A United States District Court in Virginia issued a ruling on July 2, 2010, in a False Claims Act suit against Blackwater Security Consulting’s alleged owner and corporate defendants. United States ex rels. Davis v. Prince, 2010 WL 2679761 (E.D.Va.)

The “Relators” (those who file a False Claims Act complaint) were former Blackwater employees who brought a two-count complaint alleging that Blackwater defendants are liable under the False Claims Act, 31 U.S.C. Section 3729, for fraudulent misrepresentations they allegedly made in the course of performing two government contracts.

The first contract was a Homeland Security contract to provide security services in Louisiana after Hurricane Katrina. Relators allege that Blackwater defendants “forged and falsified to inflate hours worked and the number of employees”, and further allege that they “claimed costs for payments to strippers, bar tabs, spa trips, protein shakes, weight-training supplements, haircuts, and gym memberships”, and double-charged for certain costs.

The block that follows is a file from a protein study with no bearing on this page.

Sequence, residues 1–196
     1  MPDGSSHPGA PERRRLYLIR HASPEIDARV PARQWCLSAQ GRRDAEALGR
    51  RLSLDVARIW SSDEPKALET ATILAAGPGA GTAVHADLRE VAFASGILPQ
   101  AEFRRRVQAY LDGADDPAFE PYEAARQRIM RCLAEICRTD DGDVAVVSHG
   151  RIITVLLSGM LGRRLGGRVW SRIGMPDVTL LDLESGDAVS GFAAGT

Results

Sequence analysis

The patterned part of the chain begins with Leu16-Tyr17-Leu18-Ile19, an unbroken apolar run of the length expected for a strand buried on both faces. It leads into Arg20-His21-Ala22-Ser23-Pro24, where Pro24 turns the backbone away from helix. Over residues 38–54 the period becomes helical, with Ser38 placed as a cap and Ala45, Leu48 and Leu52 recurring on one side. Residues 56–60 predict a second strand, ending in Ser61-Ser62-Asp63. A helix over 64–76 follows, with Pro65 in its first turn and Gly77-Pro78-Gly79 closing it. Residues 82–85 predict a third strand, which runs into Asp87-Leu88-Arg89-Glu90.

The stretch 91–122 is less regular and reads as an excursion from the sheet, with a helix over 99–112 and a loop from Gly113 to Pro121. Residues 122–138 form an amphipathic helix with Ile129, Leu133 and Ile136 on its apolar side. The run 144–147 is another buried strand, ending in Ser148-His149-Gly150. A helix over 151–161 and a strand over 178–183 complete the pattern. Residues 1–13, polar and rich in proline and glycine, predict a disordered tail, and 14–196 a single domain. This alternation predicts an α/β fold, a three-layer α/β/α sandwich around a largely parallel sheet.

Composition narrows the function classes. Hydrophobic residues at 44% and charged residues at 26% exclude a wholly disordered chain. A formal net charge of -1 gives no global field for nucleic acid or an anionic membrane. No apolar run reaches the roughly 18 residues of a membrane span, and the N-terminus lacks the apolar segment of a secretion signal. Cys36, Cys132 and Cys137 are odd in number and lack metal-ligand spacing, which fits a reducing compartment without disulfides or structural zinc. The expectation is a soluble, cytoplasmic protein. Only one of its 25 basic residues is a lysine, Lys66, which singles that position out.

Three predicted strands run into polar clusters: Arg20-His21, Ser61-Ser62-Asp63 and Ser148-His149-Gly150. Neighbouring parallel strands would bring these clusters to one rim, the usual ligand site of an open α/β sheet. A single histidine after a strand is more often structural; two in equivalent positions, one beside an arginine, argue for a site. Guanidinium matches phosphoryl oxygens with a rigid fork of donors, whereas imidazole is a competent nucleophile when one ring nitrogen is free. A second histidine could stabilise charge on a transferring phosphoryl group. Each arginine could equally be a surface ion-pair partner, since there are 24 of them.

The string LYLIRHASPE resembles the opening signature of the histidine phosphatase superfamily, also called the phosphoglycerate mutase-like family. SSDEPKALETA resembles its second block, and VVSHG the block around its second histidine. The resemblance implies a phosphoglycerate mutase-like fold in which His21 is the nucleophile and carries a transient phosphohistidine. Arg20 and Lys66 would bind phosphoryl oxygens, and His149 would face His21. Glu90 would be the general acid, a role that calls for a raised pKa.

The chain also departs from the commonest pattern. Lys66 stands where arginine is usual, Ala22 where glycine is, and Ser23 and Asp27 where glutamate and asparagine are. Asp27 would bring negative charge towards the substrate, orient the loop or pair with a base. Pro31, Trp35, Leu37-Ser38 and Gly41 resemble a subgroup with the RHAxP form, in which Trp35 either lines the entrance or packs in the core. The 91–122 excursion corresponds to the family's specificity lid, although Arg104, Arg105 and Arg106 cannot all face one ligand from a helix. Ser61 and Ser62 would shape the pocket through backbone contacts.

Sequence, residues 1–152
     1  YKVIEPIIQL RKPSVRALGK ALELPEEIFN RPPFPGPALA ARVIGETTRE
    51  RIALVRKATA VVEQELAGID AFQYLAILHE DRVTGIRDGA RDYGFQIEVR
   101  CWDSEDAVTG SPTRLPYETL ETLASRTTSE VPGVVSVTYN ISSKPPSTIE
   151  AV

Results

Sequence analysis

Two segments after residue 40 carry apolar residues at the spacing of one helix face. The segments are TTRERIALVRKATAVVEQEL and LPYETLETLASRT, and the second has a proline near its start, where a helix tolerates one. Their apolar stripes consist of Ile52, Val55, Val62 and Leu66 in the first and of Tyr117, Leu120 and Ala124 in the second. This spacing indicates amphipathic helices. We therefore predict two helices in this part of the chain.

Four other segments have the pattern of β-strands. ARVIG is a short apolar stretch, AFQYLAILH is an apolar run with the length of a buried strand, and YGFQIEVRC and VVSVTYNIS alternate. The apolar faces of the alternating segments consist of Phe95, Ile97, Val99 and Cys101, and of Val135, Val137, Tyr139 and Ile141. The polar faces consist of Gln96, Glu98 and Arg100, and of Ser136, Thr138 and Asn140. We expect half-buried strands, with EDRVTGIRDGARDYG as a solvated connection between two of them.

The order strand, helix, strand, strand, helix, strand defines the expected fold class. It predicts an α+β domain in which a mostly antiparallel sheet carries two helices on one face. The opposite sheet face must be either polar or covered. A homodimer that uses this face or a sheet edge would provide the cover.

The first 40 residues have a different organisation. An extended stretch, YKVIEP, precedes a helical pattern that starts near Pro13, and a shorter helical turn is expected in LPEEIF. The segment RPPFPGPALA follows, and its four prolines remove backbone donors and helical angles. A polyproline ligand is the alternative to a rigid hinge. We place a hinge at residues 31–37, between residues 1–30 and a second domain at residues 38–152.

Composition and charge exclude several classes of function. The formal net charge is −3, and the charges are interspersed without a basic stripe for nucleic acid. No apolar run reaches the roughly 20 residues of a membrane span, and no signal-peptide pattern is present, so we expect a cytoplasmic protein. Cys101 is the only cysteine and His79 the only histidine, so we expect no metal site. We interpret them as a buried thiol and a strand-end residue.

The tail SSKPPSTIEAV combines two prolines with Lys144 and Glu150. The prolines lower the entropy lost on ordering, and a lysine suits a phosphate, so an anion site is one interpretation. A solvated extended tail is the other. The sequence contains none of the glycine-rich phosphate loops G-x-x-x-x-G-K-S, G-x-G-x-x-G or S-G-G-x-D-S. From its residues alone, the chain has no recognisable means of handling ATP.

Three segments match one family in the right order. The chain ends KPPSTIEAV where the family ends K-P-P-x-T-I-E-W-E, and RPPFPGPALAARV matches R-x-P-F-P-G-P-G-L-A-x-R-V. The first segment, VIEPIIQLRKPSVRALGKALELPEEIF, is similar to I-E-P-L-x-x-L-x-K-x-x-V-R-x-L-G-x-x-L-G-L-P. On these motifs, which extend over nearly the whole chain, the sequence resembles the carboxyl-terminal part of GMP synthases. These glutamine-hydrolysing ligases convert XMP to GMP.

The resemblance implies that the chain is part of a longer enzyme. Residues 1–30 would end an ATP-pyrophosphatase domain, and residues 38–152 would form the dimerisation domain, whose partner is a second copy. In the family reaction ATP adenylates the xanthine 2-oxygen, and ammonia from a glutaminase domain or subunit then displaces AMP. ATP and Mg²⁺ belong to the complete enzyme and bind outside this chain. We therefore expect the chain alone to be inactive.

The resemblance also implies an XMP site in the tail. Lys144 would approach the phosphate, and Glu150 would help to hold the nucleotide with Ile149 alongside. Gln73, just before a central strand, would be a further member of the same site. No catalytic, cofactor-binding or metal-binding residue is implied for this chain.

The second contract was a State Department contract to provide security services in Iraq and Afghanistan. Relators allegations include that Blackwater defendants knowingly submitted reports documenting more employees than were actually employed and more expenses than were actually incurred.

False Claims Act claims must be specific, describing the time, place, and contents of the false representations, as well as the identity of the person making the misrepresentation and what he obtained as a result.

“The elements of a False Claims Act false statements claim are: (i) false representation or fraudulent course of conduct, (ii) made or carried out with knowledge of the falsehood, (iii) that was material, and (iv) that caused the goverment to pay out money”. Harrison v. Westinghouse Savannah River Co., 176 F.3d 776, 788 (4th Cir.1999).

Allegations that Blackwater allowed disqualified persons to carry firearms in Louisiana and improperly used deadly force in Iraq and Afghanistan are not appropriately Flase Claims Act matters. These allegations amount to claims that Blackwater breached the terms of their contracts. No “objective falsehood” is demonstrated in the allegations.

In its July 2nd ruling, the Court dismissed the claim against the individual defendant Prince and Prince Group LLC, stating that the claim did not state with particularity a valid fraud claim against these defendants.

For more information about False Claims Act, contact government contracts lawyer Karen S. Hindson.